Claim denials are an unpleasant fact of life, and too many of them can dramatically impact your practice's cash flow. Not only do coders have to cope with murky and complicated rules for coding and documentation but at the same time they have the threat of an audit hanging over them, and it's not easy.
Denial management, however, is more than just good coding and documentation. Denial management is a complex process of steps that must be taken to prevent claim denials and appeal those claims that do get denied. Having a process for dealing with denials that maximizes the chances of successful appeals while minimizing waste of time and resources is every practice's dream.
Unfortunately, denials aren't always predictable. It helps to stay up-to-date on the top unexpected denied claims so you can be better prepared when you code and document these services.Top Unexpected Denied Claims
According to an infographic
put together by Physicians Practice, the top unexpectedly denied claims for August 2015 were:
• Outpatient doctor visit, level 3 (99213), of which 7% were denied
• Outpatient doctor visit, level 4 (99214), which also had a 7% denial rate
• Routine blood capture (36415), which had a 14% denial rate
• Subsequent hospital care, level 2 (99232), with a 12% denial rate
• Subsequent hospital care, level 3 (97233), with a 13% denial rate
Reasons given for these denials include:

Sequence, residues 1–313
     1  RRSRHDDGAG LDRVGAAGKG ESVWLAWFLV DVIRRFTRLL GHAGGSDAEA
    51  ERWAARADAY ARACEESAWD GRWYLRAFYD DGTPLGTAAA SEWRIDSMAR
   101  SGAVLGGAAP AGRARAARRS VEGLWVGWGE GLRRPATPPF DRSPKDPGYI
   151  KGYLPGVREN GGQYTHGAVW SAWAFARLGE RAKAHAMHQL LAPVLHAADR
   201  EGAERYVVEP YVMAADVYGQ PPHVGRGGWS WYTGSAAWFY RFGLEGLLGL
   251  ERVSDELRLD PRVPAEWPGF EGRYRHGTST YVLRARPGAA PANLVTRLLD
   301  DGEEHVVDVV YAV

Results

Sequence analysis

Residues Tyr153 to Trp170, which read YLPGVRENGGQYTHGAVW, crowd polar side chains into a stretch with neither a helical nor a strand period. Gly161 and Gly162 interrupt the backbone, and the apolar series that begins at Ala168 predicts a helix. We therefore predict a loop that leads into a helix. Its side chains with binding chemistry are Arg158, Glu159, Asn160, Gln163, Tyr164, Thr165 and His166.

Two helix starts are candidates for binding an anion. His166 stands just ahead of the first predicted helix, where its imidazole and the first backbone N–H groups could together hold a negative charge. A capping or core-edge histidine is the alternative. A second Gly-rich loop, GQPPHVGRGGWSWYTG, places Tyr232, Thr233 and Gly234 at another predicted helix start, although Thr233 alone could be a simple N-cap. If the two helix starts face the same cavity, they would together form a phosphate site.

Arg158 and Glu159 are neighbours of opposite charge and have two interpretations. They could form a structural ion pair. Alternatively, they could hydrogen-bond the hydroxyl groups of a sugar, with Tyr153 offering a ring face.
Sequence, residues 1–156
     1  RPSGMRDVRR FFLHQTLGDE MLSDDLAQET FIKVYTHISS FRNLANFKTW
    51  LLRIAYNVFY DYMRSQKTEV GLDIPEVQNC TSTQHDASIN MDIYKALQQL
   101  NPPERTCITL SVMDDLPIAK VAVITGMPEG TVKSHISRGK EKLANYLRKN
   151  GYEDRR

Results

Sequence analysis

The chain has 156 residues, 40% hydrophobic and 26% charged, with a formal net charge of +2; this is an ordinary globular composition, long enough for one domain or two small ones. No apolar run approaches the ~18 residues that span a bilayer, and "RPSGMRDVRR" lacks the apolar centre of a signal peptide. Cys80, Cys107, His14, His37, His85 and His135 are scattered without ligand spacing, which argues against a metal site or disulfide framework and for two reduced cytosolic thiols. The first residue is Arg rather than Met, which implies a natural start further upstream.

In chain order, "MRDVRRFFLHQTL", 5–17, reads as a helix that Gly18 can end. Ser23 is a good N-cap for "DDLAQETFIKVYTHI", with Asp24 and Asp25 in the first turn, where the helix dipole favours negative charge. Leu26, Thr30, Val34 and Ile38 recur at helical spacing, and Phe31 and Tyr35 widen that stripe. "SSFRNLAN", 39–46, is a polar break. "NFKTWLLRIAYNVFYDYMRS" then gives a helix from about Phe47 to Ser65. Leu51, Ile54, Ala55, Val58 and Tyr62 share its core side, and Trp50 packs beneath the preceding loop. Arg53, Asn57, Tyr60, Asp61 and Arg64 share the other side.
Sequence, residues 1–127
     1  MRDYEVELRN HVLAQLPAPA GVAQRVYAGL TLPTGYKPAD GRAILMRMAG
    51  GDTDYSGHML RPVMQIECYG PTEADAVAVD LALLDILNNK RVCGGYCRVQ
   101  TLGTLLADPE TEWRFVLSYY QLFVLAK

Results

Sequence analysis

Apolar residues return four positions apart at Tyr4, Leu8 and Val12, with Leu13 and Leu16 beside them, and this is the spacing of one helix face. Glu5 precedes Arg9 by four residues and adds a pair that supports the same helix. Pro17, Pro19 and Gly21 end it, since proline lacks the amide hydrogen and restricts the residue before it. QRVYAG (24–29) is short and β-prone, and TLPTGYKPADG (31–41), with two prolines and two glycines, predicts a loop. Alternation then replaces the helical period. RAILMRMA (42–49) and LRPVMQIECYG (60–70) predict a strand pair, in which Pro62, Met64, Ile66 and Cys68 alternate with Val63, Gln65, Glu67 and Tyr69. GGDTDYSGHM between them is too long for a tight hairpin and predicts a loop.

Top Unexpected Denied Claims for Family Medicine
- Duplicated claims or services
- Claims having been already adjudicated
- Claims lacking information or containing errors
- Claims for non-covered charges
- Claim submission after time limit expiration.
For family medicine practices, the top denied claims for that same time period were a bit different:
• Outpatient doctor visit, level 3 (99213), with a 6% denial rate
• Outpatient doctor visit, level 4 (99214), which had a 7% denial rate
• Immunization administration (90471), coming in with a 12% denial rate
• Subsequent hospital care, level 2 (99232), with a 14% denial rate
• Routine blood capture (36415), which had a 15% denial rate
Likewise, reasons for denied claims were similar to overall trends, but slightly different. The reasons for these top unexpected denied claims for family medicine include:
Which Specialties Have the Most Unexpected Denials?
If you have a family medicine or pediatrics practice, you generally face the most unexpectedly denied claims of any specialty, with 11% of claims unexpectedly denied. Following closely, with 10% unexpected denial rates are internal medicine and orthopedic surgery with 10% unexpected denial rates. Radiology rounds out the top 5 with a 9% unexpected denial rate.How to Protect Your Practice from Unexpected Denials
Generally, if you have a claim that's unexpectedly denied, you can often chalk it up to one of these five reasons
• Duplicate claims
• Claims that omit information
• Expired eligibility
• Non-covered charges
• Time limit expirationPreventing claim denials
requires excellent communication between your coding/billing staff and your clinicians, and it requires verification of patient coverage with each visit. Excellent denial management also requires that you monitor denials over time to detect trends. Is one insurer responsible for most denials? If so, perhaps a phone call could help you learn why so many claims are being denied.
Another way to prevent claim denials is to have outstanding medical billing software that's integrated with your electronic medical records
(EMR), and ensuring everyone who uses the software is fully trained. Having a practice management system with built in claim scrubbing and a claims rules engine
can save your practice time and money when it comes to effective denial management. Make sure you are fully utilizing your EHR software to improve your practice's communication and processes.